Dr. Charles Howard Curran


Charles Howard Curran, known to his peers as Howard, was born in Orillia, Ontario in 1894, and served in WWI as a machine gunner with the Canadian Expeditionary Forces from 1916 until he was wounded in 1918. He received his Bachelor's degree in 1922 from Ontario Agricultural College (now the University of Guelph), an M.Sc. from the University of Kansas in 1923, and his D.Sc. from the University of Montreal in 1933. He was an entomologist with the Dominion Entomology Branch in Ottawa (now the Canadian National Collection of Insects [CNC], Agriculture Canada). It was during this time that he also began his series of taxonomic works on the Diptera collected during the famed Lang-Chapin Congo expeditions of the AMNH. He joined the curatorial staff of the AMNH in 1928 and worked until his retirement in 1960, during which time he was one of the most prolific Diptera taxonomists, having described 2,648 species (embed: pgs. 21-319 in Arnaud, 1981). Though Curran authored 406 publications, his taxonomic work was written almost entirely in the 26 years between 1921 and 1947 – some 100 species described per year. Thereafter, and until the 1960's, he published numerous popular articles for Natural History magazine and did contract work in applied entomology. The pinnacle of his career was 1934, when he published 17 taxonomic papers, including the monograph, The Diptera of Kartabo, Bartica District, British Guiana (Bulletin of the AMNH vol. 66, 245 pp., in which he described 147 species), and his influential volume The Families and Genera of North American Diptera (Ballou Press, New York: 512 pp). This volume was the main reference for North American Diptera until it was superseded by the masterful 1332-page Manual of Nearctic Diptera, which was compiled by the CNC dipterists, beginning with volume 1 in 1981. They dedicated the Manual to Curran.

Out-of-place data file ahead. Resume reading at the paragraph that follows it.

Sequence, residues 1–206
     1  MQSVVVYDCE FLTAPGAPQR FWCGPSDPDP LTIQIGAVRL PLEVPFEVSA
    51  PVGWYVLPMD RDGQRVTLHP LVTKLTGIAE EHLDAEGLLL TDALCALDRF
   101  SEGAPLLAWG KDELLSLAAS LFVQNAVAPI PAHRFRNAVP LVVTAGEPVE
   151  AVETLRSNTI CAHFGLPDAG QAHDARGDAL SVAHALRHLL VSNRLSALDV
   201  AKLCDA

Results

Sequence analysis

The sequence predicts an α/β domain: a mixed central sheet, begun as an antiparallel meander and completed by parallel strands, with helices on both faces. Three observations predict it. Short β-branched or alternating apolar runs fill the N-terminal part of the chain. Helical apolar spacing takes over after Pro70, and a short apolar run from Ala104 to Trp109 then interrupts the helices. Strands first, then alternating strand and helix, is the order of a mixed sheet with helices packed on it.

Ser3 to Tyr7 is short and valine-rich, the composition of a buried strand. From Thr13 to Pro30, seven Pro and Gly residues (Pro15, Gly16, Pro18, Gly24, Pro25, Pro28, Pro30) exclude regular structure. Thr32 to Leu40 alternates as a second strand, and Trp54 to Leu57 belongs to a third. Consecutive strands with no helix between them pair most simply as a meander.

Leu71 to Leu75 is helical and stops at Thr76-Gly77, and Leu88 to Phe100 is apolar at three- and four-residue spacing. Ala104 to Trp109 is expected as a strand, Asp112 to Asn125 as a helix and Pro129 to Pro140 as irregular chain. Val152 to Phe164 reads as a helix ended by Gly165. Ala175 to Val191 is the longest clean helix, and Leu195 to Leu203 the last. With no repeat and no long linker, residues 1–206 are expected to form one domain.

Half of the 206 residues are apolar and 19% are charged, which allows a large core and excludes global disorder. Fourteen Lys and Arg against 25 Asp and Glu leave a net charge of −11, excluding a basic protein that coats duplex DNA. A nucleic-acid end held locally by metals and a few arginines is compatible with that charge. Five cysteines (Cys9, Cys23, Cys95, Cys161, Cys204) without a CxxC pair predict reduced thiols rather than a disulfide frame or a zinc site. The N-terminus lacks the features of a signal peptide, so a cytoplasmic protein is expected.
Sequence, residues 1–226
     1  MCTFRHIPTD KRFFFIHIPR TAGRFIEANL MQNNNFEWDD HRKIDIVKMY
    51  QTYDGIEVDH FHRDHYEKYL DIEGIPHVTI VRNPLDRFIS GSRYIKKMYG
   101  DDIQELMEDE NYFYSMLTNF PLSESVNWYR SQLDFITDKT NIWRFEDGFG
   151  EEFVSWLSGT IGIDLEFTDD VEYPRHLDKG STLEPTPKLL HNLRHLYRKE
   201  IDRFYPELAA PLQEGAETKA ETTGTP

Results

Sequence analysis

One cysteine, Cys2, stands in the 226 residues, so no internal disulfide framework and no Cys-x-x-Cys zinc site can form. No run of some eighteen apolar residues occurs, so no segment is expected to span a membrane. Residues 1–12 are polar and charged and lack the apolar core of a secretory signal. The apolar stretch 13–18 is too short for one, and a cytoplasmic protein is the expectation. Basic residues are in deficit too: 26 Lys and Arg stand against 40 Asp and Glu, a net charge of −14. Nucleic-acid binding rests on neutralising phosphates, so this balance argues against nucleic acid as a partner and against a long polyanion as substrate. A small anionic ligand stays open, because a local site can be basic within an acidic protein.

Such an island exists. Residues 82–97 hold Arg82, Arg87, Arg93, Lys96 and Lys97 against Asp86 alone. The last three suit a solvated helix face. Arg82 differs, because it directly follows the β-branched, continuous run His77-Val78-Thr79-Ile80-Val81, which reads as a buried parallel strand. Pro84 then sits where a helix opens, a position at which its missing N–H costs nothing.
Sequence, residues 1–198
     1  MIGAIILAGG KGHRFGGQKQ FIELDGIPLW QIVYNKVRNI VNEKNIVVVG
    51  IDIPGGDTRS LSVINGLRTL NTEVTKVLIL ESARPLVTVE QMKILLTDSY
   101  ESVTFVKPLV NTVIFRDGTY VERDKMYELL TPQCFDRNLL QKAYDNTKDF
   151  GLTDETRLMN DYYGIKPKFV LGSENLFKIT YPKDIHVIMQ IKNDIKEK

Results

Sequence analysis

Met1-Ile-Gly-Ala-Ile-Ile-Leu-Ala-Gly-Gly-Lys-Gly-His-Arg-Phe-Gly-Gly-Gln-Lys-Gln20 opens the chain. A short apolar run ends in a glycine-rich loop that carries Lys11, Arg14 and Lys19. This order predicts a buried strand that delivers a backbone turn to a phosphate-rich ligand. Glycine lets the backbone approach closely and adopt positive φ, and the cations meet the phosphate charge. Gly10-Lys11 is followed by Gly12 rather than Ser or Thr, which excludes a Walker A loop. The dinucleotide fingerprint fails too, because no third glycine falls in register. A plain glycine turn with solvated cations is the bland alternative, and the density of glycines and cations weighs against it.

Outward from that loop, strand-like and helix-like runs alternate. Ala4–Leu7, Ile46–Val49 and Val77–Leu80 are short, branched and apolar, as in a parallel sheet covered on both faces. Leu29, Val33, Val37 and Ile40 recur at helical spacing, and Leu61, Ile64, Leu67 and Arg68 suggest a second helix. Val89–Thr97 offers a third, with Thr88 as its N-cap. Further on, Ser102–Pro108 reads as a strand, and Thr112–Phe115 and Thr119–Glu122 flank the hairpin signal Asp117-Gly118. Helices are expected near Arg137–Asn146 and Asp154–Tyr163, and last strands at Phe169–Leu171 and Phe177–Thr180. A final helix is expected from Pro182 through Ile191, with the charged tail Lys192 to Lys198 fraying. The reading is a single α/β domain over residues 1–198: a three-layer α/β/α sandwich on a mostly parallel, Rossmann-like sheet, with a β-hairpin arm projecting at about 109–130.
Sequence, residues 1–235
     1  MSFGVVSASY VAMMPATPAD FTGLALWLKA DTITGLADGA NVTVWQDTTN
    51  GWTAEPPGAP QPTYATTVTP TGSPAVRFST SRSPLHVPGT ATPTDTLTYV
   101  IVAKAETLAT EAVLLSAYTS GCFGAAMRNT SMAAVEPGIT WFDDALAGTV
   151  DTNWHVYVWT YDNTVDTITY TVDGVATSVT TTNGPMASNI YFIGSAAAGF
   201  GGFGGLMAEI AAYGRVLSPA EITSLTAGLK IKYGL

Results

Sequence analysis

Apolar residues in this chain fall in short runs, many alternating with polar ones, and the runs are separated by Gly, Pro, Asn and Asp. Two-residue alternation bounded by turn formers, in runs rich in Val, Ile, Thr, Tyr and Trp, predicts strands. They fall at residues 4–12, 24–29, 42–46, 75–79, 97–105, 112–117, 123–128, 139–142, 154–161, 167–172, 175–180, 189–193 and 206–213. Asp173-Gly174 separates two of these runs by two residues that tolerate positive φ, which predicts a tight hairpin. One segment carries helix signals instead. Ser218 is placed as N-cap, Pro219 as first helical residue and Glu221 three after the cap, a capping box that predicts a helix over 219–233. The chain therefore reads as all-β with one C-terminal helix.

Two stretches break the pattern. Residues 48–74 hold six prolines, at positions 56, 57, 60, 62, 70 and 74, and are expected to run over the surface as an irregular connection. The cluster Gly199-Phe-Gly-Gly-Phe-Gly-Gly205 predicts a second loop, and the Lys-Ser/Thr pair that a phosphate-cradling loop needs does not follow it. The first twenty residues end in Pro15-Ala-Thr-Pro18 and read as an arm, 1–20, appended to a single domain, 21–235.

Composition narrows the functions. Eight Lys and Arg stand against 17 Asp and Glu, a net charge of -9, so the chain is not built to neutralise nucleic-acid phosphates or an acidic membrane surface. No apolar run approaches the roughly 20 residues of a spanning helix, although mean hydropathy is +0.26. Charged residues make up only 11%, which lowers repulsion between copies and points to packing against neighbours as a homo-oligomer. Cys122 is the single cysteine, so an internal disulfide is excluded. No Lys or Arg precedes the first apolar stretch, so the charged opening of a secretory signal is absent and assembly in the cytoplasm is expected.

Curran's main taxonomic interests were in brachyceran flies, particularly the flower flies (Syrphidae, in which he described 723 species), calyptrates (887 species, 650 in Tachinidae alone), robber flies (Asilidae: 191 species), and long-legged flies (Dolichopodidae: 166 species). In fact, he described species in 62 families. His approach was primarily faunal, the major regions of coverage being North America (530 species described), South America (besides Guyana, primarily also Brazil [213 species] and Panama [156 species]), and Africa (especially Zaire [221 species], South Africa and Zimbabwe [235 species]). Interestingly, Curran traveled very little, and his field work was limited to northeastern North America and the Canal Zone, Panama. Typical of his day, species were separated on the basis of external features like chaetotaxy and wing venation; male genitalia were not examined, nor specimens even dissected. He also didn't examine type specimens in other museums, but rather relied on published descriptions (which in those days inadequately distinguished among species), so a significant proportion of his species are synonyms. Nonetheless, Howard Curran had an excellent understanding of the genera and major groups of flies, and his impact in entomology is further reflected by the 6 genera and 71 species of insects named in his honor. He died in 1972 in Leesburg, Florida.